David Starkey

Speaker: Christina Faraday

Topic: What the Tudors and Stuarts Saw

Venue: Vinson Lecture Theatre

Time: 10:30-11:30 Friday 15 September

Talk Summary:

In Tudor and Jacobean England, visual art was often termed ‘lively’, a word which described all kinds of visual and material culture – from portraits to funeral monuments, book illustrations to tapestry. To the modern viewer, this claim can seem perplexing: what did ‘liveliness’ mean? And in a period supposedly characterised by Protestant fears of idolatry, how could ‘liveliness’ have been a good thing? In order to answer these questions, Christina Faraday explores the vivid visual and material worlds of the Tudor and Stuart period and explains why they differed from the mainstream of the European Renaissance. She explores how artists made their subjects seem to be actually present for viewers at the time, and recovers their original power to move, impress and delight.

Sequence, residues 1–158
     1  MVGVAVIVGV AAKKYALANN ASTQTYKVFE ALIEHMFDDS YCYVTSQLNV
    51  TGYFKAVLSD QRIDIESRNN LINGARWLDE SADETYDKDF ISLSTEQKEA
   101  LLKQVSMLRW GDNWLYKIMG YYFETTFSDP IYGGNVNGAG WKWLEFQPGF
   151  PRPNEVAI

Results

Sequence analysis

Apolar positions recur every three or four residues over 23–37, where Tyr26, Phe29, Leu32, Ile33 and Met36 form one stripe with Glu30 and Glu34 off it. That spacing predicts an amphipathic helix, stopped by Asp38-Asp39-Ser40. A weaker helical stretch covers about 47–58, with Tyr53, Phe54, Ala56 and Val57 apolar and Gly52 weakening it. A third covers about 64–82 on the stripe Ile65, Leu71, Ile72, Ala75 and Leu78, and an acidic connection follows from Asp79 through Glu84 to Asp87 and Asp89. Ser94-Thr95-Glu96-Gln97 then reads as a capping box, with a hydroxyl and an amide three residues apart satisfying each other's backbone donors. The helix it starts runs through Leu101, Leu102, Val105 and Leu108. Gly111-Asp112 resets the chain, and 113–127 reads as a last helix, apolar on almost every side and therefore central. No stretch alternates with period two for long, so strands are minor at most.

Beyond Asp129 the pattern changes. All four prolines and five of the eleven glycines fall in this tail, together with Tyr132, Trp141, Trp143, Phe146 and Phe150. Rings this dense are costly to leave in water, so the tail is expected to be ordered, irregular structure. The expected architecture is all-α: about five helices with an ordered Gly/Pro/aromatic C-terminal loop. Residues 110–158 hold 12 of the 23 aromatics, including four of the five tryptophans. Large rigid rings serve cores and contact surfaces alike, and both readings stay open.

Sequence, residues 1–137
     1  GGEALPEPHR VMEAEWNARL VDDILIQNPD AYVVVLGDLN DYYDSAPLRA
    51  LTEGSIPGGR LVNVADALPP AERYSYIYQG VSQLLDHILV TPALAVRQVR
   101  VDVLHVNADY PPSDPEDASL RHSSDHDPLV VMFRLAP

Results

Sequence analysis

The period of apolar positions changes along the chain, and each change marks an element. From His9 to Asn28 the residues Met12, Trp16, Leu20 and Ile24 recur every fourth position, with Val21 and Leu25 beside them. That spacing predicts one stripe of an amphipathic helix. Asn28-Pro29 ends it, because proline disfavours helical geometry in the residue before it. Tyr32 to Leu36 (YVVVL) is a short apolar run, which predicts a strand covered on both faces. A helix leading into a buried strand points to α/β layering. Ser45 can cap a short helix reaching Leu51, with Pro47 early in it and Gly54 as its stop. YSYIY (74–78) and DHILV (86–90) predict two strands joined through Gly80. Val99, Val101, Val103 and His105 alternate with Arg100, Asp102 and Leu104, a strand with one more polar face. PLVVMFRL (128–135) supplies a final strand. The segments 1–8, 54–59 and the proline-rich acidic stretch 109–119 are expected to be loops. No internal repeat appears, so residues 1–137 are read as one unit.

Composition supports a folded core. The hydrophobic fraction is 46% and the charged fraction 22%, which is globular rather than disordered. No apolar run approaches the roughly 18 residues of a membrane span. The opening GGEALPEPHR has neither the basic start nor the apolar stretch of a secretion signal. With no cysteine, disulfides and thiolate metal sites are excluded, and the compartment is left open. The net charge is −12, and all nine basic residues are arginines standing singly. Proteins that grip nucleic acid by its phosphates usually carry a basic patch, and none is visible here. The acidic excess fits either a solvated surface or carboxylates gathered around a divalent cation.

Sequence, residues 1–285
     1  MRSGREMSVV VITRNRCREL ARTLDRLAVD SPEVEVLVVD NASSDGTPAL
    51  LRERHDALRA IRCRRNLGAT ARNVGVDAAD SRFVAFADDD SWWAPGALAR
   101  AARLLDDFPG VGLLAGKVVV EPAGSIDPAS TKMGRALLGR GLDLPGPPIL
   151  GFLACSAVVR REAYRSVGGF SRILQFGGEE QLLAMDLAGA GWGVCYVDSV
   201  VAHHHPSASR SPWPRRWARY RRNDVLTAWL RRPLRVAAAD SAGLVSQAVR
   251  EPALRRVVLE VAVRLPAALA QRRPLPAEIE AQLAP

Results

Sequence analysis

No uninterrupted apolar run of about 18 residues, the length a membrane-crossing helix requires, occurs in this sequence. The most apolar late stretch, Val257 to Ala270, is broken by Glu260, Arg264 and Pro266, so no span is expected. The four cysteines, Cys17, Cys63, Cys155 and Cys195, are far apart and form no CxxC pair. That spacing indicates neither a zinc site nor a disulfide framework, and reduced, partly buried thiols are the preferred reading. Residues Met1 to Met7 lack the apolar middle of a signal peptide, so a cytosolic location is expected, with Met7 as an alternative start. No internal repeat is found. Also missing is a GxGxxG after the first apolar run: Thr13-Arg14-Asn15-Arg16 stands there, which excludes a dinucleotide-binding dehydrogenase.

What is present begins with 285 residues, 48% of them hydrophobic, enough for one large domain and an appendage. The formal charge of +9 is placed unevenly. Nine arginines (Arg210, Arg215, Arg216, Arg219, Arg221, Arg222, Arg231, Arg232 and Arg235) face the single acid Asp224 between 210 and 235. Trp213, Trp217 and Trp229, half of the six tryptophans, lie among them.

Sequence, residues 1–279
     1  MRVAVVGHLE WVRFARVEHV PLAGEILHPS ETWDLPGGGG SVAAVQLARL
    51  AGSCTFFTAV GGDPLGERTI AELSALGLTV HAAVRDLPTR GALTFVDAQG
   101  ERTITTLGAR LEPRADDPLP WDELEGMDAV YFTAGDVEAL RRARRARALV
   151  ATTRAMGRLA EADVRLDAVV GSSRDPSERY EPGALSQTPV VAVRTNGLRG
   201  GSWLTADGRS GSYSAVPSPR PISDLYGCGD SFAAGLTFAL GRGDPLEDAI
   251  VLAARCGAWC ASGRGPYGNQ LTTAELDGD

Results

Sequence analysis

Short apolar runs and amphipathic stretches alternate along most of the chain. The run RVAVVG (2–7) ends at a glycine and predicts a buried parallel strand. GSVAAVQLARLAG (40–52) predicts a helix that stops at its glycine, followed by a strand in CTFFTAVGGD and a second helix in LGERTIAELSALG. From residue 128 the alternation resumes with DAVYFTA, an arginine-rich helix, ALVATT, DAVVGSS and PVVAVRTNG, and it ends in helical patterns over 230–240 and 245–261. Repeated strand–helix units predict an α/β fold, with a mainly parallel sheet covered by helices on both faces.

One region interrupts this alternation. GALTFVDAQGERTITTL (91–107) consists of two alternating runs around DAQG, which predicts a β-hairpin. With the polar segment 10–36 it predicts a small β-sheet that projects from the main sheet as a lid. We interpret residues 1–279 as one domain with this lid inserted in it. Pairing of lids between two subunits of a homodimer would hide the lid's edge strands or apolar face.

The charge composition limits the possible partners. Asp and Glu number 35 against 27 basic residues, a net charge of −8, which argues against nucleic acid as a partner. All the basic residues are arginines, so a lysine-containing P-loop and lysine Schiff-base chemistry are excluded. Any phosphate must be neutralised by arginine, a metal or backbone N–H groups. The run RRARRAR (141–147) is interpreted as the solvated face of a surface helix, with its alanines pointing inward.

Christina Faraday is a historian of art and ideas, with a special interest in how images and objects can communicate in powerful ways. She is a Research Fellow at Gonville and Caius, University of Cambridge, and specialises in the art and architecture of Tudor England. Her most recent book is Tudor Liveliness: Vivid Art in Post-Reformation England.